Breastfeeding: What’s the normal learning curve?

Here’s Part 2 of Jamie’s excellent series about breastfeeding for Ask Moxie. Part 1 is here.

Menita
asked: 

"What is breastfeeding supposed to feel like?  Are there
stages?  What’s the learning curve?  What would you recommend a new
mother do in the first days/weeks of her baby’s life?"

In reverse order:  What would you recommend a new mother do in the first days/weeks of her baby’s life?

Ideally,
planning for breastfeeding starts before your baby arrives.  I’m not
talking primarily about reading up on it, although that can certainly
be helpful.  I’m talking about finding support, if you aren’t close to
anyone who has breastfed happily, and about planning for birth.

A friend of mine was dissecting her first breastfeeding experience
recently and she said, "What I needed was an older sister."  While
there are no older sisters at BabiesRUs (quick! alert the purchasing
director!), when it comes to breastfeeding you can often find a
stand-in — someone to say, "Yes, it sucks right now; yes, you can do
it; yes, it’s worth it."  Even if you don’t feel that you need the information
available at La Leche League meetings, or those of another
breastfeeding support group, the connections you can make with more
experienced mothers are like money in the bank.  Or at least like money
in the Bank of Breastfeeding Satisfaction and Efficient
Problem-solving.  You can also find some support online.

Before you have your baby, think too about the support available closer to
home.  If your baby won’t latch, do you want your spouse to say, "Let
me bring you the formula," or, "Let me bring you the cordless phone and
let’s talk to the LC together"?  If your mother or your mother-in-law
will be there to help, does she know how you feel about breastfeeding?
I think it’s wise to have those conversations before you bring the baby
home, because uneventful breastfeeding is, unfortunately, not the
reality many first-time mothers face these days.

Why? Part of the answer is that uneventful birth is not the norm in the US
these days.  Keep in mind that most birth interventions can affect
breastfeeding.  Even IV fluids (innocuous enough, you’d think) are
associated with swollen areolae in the postpartum period, which can
make it tough for baby to transfer much milk.  A baby sleepy from labor
drugs may not have the first idea what to do with that breast you are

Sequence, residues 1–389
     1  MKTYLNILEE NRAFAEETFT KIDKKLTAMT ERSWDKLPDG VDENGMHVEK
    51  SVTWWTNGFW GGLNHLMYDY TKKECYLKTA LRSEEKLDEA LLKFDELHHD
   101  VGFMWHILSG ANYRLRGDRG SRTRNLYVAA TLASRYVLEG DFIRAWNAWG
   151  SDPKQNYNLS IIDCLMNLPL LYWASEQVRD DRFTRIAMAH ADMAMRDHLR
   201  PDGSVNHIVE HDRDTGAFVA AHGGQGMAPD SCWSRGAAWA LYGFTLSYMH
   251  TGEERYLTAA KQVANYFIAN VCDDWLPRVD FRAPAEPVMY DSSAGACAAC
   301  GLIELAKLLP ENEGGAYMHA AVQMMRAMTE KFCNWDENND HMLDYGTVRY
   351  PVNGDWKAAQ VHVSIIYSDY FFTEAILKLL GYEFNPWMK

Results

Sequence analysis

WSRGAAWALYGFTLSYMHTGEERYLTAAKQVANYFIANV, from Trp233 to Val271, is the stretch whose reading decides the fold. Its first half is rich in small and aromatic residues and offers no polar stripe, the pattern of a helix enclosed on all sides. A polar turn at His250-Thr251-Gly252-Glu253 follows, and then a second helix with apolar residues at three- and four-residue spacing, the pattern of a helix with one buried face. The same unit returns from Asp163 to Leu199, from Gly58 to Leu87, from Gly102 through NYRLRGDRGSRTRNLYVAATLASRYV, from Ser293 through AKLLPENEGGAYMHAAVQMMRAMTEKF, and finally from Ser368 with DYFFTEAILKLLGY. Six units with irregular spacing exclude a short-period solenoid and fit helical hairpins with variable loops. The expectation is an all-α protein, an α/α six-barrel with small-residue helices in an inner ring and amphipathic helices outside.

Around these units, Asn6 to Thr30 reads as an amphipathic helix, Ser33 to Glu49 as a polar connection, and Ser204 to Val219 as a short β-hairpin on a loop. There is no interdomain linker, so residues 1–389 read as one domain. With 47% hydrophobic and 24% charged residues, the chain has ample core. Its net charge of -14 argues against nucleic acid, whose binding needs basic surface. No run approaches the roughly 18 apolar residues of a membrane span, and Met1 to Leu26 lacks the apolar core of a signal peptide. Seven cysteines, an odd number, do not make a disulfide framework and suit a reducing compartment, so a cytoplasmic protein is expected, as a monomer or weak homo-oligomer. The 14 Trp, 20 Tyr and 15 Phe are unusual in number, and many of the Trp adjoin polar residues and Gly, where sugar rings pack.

waving energetically in his face.  Which can lead to itchy nurses
saying, "We don’t want him dehydrated," which can lead to formula
supplementation, which can lead to nipple preference, which can all be
immensely frustrating.

Don’t get me wrong:  breastfeeding is a robust process and you can go on to
nurse happily after a nightmare birth and a discouraging start at the
breast.  At the same time, a typical US birth experience ends in a
medicated baby and a mother who’s dealing with a laceration, or an
incision, along with a heaping helping of doubt about her body’s
ability to do what it was designed to do.  A low-intervention birth
lays a good foundation for low-intervention breastfeeding.

Babies are born ready to suckle — they’ve been practicing sucking and
swallowing for weeks in utero.  There appears to be a sensitive window
in the first hour after birth, in which baby is primed to nurse well
and to keep nursing.  When a baby first comes to breast, he’s
practicing on small amounts of colostrum, which is thicker than mature
milk. This lets him get the hang of nursing before he’s inundated with
high-volume fast-flowing milk.

When mother and baby are both healthy, it’s a terrific idea to bring baby to breast
right after the birth, and keep him there as long as everybody’s happy
— no baths, no eye ook, no weighing and administrative folderol.  In
those first days, offer the breast whenever your baby squeaks.  Chewing
his hand?  Offer the breast.  Turning toward you?  Latch him on.
Gazing contemplatively into the middle distance?  You could give it a
whirl anyway.

If you need help, keep asking until you get it.  (Or have someone keep
asking for you while you catch up on sleep)    If nursing is painful,
find out why.   Don’t keep doing the same miserable thing over and over
again, hoping it won’t hurt so much the next time.  Look again at how to latch; consider kangaroo care
if baby doesn’t seem interested in nursing.  Don’t think in terms of a
three-hour schedule; watch for early hunger cues or early waking cues
and practice connecting baby and breast at every opportunity.   You
have a couple of hurdles to clear in the next few days, and the more
comfortable you are with nursing, the easier it is to stride right over
them.

Are there stages?

The delivery of the placenta signals the body to begin making milk in
quantity.  Somewhere between day 2 and day 6, the milk comes in.  If
baby is nursing often and effectively, you probably won’t get engorged
(engorgement = miserably rock-hard breasts, too swollen for baby to
transfer milk), even though your breasts may fill up impressively.  If
you begin to get uncomfortable, it’s important to remove enough milk to
get comfortable again, in order to ward off engorgement and mastitis.
This is hurdle #1 — the flatter nipple and firmer breast may confuse
your baby briefly.  (In point of fact, they may confuse you too.  I
know I was horrified when my breasts were suddenly bigger than my
nine-pounder’s giant head.)  With frequent milk removal, things will
level out soon.

The second hurdle:  newborn jaundice.  Most
newborns experience some degree of jaundice as their extra red blood
cells are broken down.  Bilirubin is excreted primarily in babies’
stools, and they need to keep nursing so they can keep pooping it out.